As noted in the "SUMMARY OF THE INVENTION" clock generator 25 preferably is such that C register 13 clocking is halted for the entire time between adjacent picture trace intervals. The longer suspension of serial clocking of C register 13 saves considerable operating power, since it is the register operated at highest rate during field trace. Also the clocking forward of most of charge packets in parallel through B register 12 and into C register 13 can be slowed to occupy the entire line retrace interval. This permits good MTF in larger imagers when clocking at normal rates and at normal clock levels. Such larger imagers have relatively large capacitances associated with their wider gate electrodes, which capacitances in combination with the gate electrode resistances give rise to a long RC time constant for charge transfer in the B register.
Clock generator 25 also supplies pulses, at a repetition rate harmonic to the clocking frequency of C register 13 during serial line read-out, as carrier for synchronously detecting CCD imager 10 signal, which pulses are supplied via a connection 26. Clock generator 25 also supplies a d-c restoration control signal at the close of each line trace via a connection 52, the d-c restoration control signal following the last image sample for a line being read out from CCD imager 10.
CCD imager 10 output samples are by way of example applied to the input circuit of a low-noise amplifier 27. Amplifier 27 provides the voltage gain which raises signal level such that its accompanying noise is larger than that introduced by the synchronous detection process to follow. Amplifier 27 gain may be automatically controlled, though this is not specifically shown in FIG. 1. The amplified imager 10 output samples are supplied at low source impedence from the output circuit of amplifier 27 to be passed through a low-frequency suppression filter 30 prior to synchronous detection.
Filter 30 suppresses at least as much of the baseband of the frequency spectrum of the CCD imager 10 output samples as are accompanied by flicker or "1/f" noise subsantially large as compared to background thermal noise. Filter 30 is shown in FIG. 1 as a simple RC high-pass filter comprising a series-arm capacitor 31 and a shunt-leg resistor 32. The corner frequency of filter 30 thus embodied is such that the upper frequencies of the baseband spectrum of the CCD imager 10 output samples combine with the demodulated first harmonic spectrum to provide video high-frequency peaking. The baseband signal remnants and the demodulated first-harmonic-spectrum signal are correlated and are add algebraically in the response of the synchronous detector (provided in FIG. 1 by a sample-and-hold circuit 40), to which detector filter 30 response is supplied as input signal. However, the noise components from the respective bands are uncorrelated and add vectorially in synchronous detector response. This form of video high-frequency peaking consequently provides advantaages in signal-to-noise of synchronous detector response. Filter 30 may alternatively be a band-pass filer selecting for synchronous detection the double-sideband amplitude modulation (DSB AM) sidebands around the carrier frequency corresponding to the repetition rate of the carrier pulses supplied by clock generator 25 via line 26.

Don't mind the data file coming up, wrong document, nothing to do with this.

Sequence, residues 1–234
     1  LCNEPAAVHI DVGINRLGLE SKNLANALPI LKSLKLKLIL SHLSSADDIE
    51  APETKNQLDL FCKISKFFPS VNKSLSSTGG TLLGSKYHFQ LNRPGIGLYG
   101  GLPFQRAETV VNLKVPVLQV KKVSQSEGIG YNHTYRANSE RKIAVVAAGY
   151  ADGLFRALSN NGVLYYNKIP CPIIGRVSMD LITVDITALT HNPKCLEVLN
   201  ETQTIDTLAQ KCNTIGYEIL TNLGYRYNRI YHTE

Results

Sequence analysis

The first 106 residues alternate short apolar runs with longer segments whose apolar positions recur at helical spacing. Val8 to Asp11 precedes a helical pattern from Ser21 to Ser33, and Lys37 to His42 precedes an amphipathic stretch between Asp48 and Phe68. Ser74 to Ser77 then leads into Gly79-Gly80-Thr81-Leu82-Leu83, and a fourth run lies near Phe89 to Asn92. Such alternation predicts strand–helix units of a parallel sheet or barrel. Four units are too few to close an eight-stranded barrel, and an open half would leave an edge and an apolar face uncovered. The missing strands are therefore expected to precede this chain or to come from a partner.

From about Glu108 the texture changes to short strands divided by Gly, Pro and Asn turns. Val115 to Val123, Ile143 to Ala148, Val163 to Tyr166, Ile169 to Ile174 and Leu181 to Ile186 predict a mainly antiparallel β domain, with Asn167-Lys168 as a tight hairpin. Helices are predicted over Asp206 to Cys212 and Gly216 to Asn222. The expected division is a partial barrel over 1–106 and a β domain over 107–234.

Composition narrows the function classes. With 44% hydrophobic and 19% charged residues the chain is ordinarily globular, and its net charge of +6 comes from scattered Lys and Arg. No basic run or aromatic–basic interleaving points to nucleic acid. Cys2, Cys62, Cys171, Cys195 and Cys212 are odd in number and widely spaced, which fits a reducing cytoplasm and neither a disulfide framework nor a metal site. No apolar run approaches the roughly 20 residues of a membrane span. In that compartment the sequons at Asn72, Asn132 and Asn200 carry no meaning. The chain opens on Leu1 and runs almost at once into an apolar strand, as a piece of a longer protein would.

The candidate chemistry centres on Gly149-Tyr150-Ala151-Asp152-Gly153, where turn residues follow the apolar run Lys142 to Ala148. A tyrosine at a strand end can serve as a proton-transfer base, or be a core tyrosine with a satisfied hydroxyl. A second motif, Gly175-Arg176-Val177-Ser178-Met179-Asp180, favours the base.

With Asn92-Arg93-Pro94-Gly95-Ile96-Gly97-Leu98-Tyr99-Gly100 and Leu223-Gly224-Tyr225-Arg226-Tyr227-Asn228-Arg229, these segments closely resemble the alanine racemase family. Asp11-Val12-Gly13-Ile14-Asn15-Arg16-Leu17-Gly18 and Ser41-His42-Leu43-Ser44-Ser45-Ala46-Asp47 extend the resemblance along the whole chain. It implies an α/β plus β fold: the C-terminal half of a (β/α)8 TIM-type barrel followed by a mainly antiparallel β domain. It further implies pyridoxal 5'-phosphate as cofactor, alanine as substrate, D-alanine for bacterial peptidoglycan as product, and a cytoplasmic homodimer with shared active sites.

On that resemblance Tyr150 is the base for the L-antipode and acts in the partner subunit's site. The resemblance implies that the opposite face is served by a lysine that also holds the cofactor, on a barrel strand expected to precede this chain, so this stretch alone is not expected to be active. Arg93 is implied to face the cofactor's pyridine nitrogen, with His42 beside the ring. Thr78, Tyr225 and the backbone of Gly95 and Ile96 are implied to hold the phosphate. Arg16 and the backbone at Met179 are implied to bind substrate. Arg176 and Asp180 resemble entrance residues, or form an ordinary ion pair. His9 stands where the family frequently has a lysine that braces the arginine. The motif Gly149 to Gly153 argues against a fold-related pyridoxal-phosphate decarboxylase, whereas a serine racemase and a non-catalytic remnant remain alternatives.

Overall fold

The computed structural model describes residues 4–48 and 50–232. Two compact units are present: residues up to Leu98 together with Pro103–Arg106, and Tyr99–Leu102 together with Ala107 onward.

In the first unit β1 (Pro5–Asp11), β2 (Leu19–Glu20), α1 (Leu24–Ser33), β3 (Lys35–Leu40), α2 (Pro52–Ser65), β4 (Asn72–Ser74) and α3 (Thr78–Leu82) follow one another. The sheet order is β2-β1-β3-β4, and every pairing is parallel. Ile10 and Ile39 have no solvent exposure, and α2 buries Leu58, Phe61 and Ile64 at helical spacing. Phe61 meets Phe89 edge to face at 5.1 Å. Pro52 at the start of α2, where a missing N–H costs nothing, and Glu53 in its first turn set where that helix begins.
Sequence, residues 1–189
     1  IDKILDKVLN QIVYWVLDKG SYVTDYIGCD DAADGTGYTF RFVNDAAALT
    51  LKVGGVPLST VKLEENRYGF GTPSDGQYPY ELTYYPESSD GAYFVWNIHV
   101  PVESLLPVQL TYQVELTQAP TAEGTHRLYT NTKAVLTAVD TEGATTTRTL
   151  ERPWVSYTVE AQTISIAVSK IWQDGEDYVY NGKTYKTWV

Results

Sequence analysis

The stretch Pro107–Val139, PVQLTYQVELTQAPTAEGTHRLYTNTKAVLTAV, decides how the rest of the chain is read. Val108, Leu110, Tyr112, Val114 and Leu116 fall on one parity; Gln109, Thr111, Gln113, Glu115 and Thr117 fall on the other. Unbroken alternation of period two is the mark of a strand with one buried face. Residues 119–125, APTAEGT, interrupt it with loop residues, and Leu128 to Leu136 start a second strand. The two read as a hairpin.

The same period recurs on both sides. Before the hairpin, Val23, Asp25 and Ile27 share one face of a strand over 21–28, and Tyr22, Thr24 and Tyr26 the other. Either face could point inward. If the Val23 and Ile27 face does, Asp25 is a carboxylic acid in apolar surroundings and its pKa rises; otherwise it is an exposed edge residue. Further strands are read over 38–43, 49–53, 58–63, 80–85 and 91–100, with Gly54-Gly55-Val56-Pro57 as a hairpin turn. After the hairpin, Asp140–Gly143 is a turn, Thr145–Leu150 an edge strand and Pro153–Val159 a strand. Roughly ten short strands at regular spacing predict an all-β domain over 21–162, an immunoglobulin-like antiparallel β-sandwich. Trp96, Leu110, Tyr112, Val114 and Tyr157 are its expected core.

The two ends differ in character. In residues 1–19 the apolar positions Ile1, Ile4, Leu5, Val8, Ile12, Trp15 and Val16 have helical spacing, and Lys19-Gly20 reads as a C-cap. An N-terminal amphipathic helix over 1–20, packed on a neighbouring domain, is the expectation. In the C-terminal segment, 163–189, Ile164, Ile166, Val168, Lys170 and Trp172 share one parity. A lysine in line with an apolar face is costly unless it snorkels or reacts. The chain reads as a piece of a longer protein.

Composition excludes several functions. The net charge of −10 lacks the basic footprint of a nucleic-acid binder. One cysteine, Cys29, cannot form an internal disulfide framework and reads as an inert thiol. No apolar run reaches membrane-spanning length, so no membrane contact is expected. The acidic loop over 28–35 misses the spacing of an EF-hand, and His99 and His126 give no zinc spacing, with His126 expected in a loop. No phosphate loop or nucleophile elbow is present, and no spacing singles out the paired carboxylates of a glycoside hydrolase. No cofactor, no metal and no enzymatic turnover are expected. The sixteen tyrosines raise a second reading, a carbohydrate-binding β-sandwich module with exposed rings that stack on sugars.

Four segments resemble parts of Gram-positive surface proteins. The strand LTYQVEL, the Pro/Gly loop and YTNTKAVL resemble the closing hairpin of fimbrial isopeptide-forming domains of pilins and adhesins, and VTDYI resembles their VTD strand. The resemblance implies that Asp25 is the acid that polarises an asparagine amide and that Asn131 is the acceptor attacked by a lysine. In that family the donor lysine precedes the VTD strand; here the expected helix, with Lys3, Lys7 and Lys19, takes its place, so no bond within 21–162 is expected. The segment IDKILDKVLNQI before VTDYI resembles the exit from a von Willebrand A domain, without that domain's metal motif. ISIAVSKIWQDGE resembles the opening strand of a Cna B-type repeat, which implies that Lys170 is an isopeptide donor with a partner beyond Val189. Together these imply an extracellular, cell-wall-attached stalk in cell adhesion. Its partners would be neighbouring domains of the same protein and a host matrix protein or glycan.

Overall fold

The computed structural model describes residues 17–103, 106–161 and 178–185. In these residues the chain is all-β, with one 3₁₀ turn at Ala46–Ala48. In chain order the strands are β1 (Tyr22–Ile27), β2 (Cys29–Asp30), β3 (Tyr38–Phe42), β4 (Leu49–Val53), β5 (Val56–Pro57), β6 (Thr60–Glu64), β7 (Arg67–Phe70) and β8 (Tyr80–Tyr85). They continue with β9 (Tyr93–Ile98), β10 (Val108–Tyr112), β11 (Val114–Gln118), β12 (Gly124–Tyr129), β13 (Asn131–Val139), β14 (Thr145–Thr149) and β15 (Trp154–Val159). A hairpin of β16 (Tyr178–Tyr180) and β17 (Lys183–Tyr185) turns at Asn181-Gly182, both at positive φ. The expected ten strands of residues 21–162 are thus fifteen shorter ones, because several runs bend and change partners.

Davy describes the use of switching demodulators for synchronous detection, and they can be used in the present invention. However, switching demodulators perform average detection, in which the recovered baseband is accompanied by strong harmonic spectra. It is preferable to use a synchronous detection process that is peak detection by nature, to reduce the strength of the harmonic spectra remnant from the detection process relative to the recovered base-band spectrum. The sample-and-hold circuit 40 performs as such a synchronous detector.
FIG. 1 shows a simple sample-and-hold circuit 40 comprising the selectively conductive channel of a MISFET 41 with which to sample and a capacitor 42 with which to hold the sample. The gate of MISFET 41 receives from connection 26 the pulses supplied at a harmonic of C register clocking frequency, and its channel is selectively rendered conductive responsive to these pulses. MISFET 41 is operative, then, as a transmission gate of a type where control signals (supplied via connection 26) do not feed through to any appreciable extent to the selectively conductive channel. The output circuit of this form of synchronous detector is not balanced respective to input signals supplied to the selectively conductive channel. Baseband spectrum applied to its input appears at its output, to accommodate the video high-frequency peaking scheme described in the previous paragraph.